Carl Schmitt was an early 20th century Jurist and legal scholar who developed a number of the most significant concepts of political theory. In Political Theology, Schmitt accomplishes two basic things: first, he develops the concept of Sovereignty which has come to dominate modern considerations of law and security. Namely, Schmitt articulates the Sovereign in terms of having the authority to decide on "the State of Exception." The State of Exception has come to be an extremely important concept among Critical Theorists today, particularly in the work of Agamben. Additionally, Schmitt argues that modern political concepts are ultimately "Secularized Theological Concepts," particularly the ultimate power of the Sovereign. Schmitt's politics is informed by the prioritization of security over freedom, and his Hobbesian world view permeates his specific interpretations of the legal and political World Situation in the difficult years of the Weimar period. Despite his nefarious participation in National Socialism, Schmitt's thought remains an important resource and reference point for contemporary political thought.
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1 of 5 people found the following review helpful By Bruce P. Barten on May 5, 2013
Format: Paperback Verified Purchase
It is such a cheap shot to pick on intellectual pretenses which fit so well the practices of Germany in the twentieth century that I am tempted to start with what was so frightening that the globe was expected to panic if people found out that peckerwood Wilson had a stroke on September 25, 1919, as he was trying to say:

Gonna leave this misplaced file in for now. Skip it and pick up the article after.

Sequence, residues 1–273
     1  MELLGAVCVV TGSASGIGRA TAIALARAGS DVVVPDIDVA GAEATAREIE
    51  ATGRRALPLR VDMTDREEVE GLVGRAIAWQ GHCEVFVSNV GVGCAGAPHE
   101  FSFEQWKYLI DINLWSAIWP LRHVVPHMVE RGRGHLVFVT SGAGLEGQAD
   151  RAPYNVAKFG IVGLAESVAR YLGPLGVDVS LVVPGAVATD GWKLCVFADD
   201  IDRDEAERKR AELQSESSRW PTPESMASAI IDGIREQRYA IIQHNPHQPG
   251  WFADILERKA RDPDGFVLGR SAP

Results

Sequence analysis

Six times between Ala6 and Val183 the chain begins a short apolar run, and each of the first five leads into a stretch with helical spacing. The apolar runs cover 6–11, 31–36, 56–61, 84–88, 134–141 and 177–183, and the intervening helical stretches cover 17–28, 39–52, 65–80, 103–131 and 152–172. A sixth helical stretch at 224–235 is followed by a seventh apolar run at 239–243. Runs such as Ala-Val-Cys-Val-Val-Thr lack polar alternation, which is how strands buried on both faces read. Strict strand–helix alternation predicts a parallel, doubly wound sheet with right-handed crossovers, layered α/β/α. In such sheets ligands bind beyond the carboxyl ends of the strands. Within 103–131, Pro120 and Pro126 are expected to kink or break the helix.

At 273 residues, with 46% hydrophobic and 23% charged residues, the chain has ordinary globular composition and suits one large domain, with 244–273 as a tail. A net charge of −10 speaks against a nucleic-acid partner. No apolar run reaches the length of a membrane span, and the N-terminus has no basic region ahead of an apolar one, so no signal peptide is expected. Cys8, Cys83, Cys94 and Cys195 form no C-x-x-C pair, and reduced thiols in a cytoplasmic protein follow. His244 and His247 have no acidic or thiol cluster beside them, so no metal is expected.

We will not allow Germany . . .

A few years later, Political Theology by Carl Schmitt was published in the original German. An English translation was published in 1985, when there was less reason for Americans to panic. Then in 2005 Tracy B. Strong had some comments to add about key themes that make death camps one of the ideas which made Germans seem so weird to ordinary people. Understanding whiplash is easiest for those who can picture the collective thinking of millions of people weho profoundly hate anything that is not ordinary. At this point, the worst thing that could happen to this book would be a result of falling into the hands of readers who imagine that a confederacy will be able to make its way from Gettysburg to a green zone by clinging to a flassh bang gravy train monetary incestuality.

As a holy Samson anachronism, for a thousand years I have been resisting therapy whenever those who have been victorious in a political matter wish to turn my life around. I believe Carl Schmitt is concerned about the collective thiking of society when he considers a radical party taking over a government which attempts to have security and order by declaring that anyone who does not conform to the norms of a legal system is criminal and needs to be wiped out for domestic peace to prevail.